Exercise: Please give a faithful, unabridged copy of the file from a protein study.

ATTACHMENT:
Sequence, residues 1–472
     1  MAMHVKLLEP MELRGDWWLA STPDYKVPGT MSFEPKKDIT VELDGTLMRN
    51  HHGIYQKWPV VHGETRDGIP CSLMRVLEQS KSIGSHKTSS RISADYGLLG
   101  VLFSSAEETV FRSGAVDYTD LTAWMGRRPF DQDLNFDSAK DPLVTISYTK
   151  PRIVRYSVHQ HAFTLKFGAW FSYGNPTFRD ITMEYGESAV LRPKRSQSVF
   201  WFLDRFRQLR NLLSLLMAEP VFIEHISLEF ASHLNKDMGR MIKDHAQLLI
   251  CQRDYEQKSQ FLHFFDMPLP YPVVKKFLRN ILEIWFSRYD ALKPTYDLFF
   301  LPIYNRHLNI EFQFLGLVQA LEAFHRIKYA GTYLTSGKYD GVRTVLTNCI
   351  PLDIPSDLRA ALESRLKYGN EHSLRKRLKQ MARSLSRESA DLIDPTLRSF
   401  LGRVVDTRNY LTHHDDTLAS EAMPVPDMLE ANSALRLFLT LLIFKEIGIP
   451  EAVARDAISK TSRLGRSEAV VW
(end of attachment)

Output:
Sequence, residues 1–472
     1  MAMHVKLLEP MELRGDWWLA STPDYKVPGT MSFEPKKDIT VELDGTLMRN
    51  HHGIYQKWPV VHGETRDGIP CSLMRVLEQS KSIGSHKTSS RISADYGLLG
   101  VLFSSAEETV FRSGAVDYTD LTAWMGRRPF DQDLNFDSAK DPLVTISYTK
   151  PRIVRYSVHQ HAFTLKFGAW FSYGNPTFRD ITMEYGESAV LRPKRSQSVF
   201  WFLDRFRQLR NLLSLLMAEP VFIEHISLEF ASHLNKDMGR MIKDHAQLLI
   251  CQRDYEQKSQ FLHFFDMPLP YPVVKKFLRN ILEIWFSRYD ALKPTYDLFF
   301  LPIYNRHLNI EFQFLGLVQA LEAFHRIKYA GTYLTSGKYD GVRTVLTNCI
   351  PLDIPSDLRA ALESRLKYGN EHSLRKRLKQ MARSLSRESA DLIDPTLRSF
   401  LGRVVDTRNY LTHHDDTLAS EAMPVPDMLE ANSALRLFLT LLIFKEIGIP
   451  EAVARDAISK TSRLGRSEAV VW